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Why NZ Super Fund is ditching millions worth of climate-damaging investments

Fund chief executive Adrian Orr: attitudes have changed. Photo/Simon Young

The New Zealand Super Fund has moved to reduce the risk of losses on fossil fuel assets, as part of its strategy on climate change.

The New Zealand Superannuation Fund has ditched or slashed its holdings in around 300 companies with high carbon footprints.

The move is part of the fund’s long term strategy of reducing its exposure to carbon-intensive investments – companies whose share prices could face sudden price collapses as the global economy begins the rapid transition needed towards a zero-carbon future.

Some $936 million in investment has been shifted away from companies that carry high reserves of fossil fuels on their books, or which emit high volumes of greenhouse gases as part of their business operations (such as chemical manufacturing and electricity supply).

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Among the fossil fuel heavy-weights that have been either purged or significantly reduced from the investment portfolio are ExxonMobil, Chevron, Shell, BP and Canadian oil sands company Suncor.

The Super Fund is still rolling out its strategy on climate change and today’s announcement relates only to the 40% of the fund held in passive index funds, rather than those held in active management. However it is in line with the increasing awareness among international investor groups about the risk of huge losses on carbon-intensive stocks as the global economy makes the transition towards renewable energy sources. 

In a landmark speech two years ago, the Governor of the Bank of England, Mark Carney, warned investors that they risked massive losses on “stranded” fossil fuel assets - vast reserves of oil, coal and gas on the books of companies like Exxon and BP that can never be burned if global warming is to be kept below 2°C.

It’s estimated that only one fifth of all the proven reserves on the books of the world’s fossil fuel companies can be exploited without pushing the global temperature increase past the catastrophic 2°C threshold.

Since Carney’s speech, the global Taskforce on Climate-related Financial Disclosures has come up with a set of recommendations aimed at forcing fossil-fuel companies and high-emitting industries to disclose their carbon footprints and to show how they preparing for a world that must wean itself off fossil fuels. The fear is that the financial markets are still not accurately pricing the true risk of fossil fuel exposure, and that a sudden price correction of carbon-intensive stocks could create massive global financial instability.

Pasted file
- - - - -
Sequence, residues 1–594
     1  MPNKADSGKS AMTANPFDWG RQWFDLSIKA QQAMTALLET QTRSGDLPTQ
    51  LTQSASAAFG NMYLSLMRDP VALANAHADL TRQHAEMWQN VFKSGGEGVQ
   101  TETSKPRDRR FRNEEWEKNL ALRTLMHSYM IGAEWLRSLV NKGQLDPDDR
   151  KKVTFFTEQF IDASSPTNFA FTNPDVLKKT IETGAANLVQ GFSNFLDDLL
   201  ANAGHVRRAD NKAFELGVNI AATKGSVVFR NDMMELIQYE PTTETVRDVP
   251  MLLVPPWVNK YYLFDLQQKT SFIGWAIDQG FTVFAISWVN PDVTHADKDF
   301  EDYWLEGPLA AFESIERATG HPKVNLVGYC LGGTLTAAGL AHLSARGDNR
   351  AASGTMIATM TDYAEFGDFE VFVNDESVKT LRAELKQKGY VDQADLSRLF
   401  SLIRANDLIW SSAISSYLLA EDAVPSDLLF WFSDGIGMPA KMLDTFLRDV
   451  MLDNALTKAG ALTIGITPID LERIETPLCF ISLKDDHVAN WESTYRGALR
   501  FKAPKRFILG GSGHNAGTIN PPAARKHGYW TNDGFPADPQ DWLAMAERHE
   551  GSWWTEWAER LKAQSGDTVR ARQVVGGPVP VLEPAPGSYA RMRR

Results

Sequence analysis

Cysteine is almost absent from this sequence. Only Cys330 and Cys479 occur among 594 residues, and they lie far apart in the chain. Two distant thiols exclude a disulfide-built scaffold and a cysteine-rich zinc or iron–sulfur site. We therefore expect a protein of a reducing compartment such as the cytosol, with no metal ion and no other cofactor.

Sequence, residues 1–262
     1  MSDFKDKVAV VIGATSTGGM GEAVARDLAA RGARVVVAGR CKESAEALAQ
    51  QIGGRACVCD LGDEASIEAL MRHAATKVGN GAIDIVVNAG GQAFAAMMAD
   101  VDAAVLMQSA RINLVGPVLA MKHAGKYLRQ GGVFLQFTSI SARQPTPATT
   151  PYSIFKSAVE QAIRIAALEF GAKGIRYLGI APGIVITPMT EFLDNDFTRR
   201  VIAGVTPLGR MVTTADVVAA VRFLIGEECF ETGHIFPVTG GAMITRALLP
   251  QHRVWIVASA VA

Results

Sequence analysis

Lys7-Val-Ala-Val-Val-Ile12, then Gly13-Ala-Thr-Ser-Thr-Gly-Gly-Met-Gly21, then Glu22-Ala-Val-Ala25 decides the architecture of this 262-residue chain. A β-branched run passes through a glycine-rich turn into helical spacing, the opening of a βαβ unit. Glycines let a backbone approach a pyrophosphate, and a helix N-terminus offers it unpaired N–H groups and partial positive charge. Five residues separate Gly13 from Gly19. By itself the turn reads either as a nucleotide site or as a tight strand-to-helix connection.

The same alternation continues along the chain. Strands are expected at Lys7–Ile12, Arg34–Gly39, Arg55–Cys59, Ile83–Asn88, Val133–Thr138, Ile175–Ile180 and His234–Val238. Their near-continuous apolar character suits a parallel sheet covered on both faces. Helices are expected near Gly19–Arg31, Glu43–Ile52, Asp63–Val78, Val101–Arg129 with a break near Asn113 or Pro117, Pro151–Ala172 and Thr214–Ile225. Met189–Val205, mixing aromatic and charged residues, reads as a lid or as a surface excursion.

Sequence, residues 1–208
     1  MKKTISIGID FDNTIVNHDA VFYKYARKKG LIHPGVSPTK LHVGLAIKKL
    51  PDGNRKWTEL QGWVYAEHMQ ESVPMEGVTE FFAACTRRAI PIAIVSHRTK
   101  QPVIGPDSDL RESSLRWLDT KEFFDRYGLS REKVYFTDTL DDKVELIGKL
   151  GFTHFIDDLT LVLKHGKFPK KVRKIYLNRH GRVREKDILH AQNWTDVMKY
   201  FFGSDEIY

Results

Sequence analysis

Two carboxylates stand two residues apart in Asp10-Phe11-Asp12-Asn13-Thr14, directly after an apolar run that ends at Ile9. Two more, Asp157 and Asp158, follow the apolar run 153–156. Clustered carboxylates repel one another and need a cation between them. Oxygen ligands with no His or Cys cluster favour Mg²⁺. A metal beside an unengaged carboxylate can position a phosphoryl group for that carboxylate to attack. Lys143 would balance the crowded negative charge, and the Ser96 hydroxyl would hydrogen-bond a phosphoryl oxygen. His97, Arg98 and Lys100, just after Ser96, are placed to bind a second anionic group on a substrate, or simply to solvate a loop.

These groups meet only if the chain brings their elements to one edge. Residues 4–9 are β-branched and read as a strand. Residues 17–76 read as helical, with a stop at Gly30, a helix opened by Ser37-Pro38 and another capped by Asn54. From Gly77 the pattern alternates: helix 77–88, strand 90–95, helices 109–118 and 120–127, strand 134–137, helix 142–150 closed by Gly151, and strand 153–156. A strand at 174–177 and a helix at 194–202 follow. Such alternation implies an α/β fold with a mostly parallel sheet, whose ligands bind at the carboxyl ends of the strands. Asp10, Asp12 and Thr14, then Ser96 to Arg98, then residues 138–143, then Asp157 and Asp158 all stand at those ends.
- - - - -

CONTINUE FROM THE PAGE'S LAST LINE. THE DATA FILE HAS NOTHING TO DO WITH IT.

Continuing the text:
Among the biggest divestments announced by the Super Fund today are a $108 million reduction in holdings in ExxonMobil, leaving the fund with a residual $8.8 million investment in a company that has come under repeated fire for blocking action on climate change and which is facing fraud accusations for allegedly deceiving its shareholders about how it accounts for its greenhouse gas emissions.

The Super Fund has also sold $64 million in Chevron shares, $37 million in BP shares (although a holding of $760,000 has been retained under active management), $15.5 million in oil-sands producer Suncor and $6.5 million in Norwegian company Statoil.

New Zealand Oil and Gas and Genesis Energy shares have also been sold. 

The fund is not following a pure divestment strategy such as that favoured by activist groups such as 350.org and fossil fuel companies that have shown a willingness to address climate change and begin adapting to a low-carbon future have been retained in the passive portfolio.

As at June 30 the fund’s full list of equity holdings (including those held under active management) still boasts a number of fossil fuel companies, including a $50 million holding in France’s Total and $12.6 million holding in Russia’s Gazprom.

NZ Super Fund chief investment officer Matt Whineray says the next phase of the fund’s climate strategy will be to focus on reducing carbon risk in the actively managed part of the portfolio.

In a recent interview with The Listener, fund chief executive Adrian Orr said the focus on carbon risk was all about financial risk management and was consistent with the fund’s long-term investment mandate.